17. Phnom Penh - Siem Reap
339 km = 6.5 hours
Googlemaps travel times in this part of the world are off by a good margin. Instead of the 4 hours and 32 minutes shown above my ride took considerably longer, despite my sometimes high speed, wherever possible. The road out of Phnom Penh to the town of Kampong Thom is in very bad condition, it is mostly a 180 kilometer long stretch of road construction. During the rainy season one will be covered in mud riding roads such as these, now in the dry season you fill your lungs with sand and dust, despite the surgical mask.
I am getting more familiar with the driving style here. Khmer are very bad drivers. The best experiences I had so far is with the (professional?, maybe) drivers of the overland busses. I often just follow them, this is one big piece of metal in front of me. The views are not that great, but it is comparatively secure and you don't get run off the road.
Getting ready in the morning, packing up and checking the bike which always takes about 20 minutes or so was always a hoot, in both countries on this trip, Thailand and Cambodia. Quickly a small (male) crowd gathers and watches how I get ready.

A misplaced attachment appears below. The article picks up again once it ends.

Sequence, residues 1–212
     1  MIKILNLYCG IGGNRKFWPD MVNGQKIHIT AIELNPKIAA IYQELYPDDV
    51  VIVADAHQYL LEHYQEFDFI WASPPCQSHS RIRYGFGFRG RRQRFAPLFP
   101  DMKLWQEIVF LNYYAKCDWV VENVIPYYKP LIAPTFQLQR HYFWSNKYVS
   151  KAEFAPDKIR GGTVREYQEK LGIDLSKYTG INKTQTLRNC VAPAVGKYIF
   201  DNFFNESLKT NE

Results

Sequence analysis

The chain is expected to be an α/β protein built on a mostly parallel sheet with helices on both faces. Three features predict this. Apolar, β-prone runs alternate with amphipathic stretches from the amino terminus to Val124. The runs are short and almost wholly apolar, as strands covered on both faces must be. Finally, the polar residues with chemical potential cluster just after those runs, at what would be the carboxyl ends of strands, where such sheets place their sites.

Now the difference between spectators in Thailand and here in Cambodia is, that in Thailand the guys are all excited and quickly asks questions like "How much does the bike cost in the U.S.?", "How many cc?" ""How fast?" and other technical stuff like that, here it is entirely different. The crowd which gathers is still, sometimes they speak quietly among themselves. On their faces there is the look of people who just have witnessed the landing of a manned spaceship from Mars while the hatch comes open and one-eyed green creatures with long head-mounted antenna's are looking out. In city traffic in Phnom Penh I see often folks getting their cell phones out shooting a picture of me and the bike.
Siem Reap of course is the city closest to Angkor Wat and Angkor Thom. I will buy a 3-day-pass tomorrow which lets me access the immense historical site. Today I went already to the gate and asked the girl whether I can ride in with my own motorcycle. She declined. Police would not allow it. But she pointed to a big building nearby and told me that I am free to check with the Police myself. Said and done. The officers there said it isn't possible, only local motorcycle taxis ("tuk-tuks") would be allowed. But I showed my Cambodian (temporary) driver's license, they were surprised first, went outside and checked the registration on the bike, saw the U.S. license plate, and all of a sudden it was OK. Tomorrow I can explore Angkor Wat using my own transportation.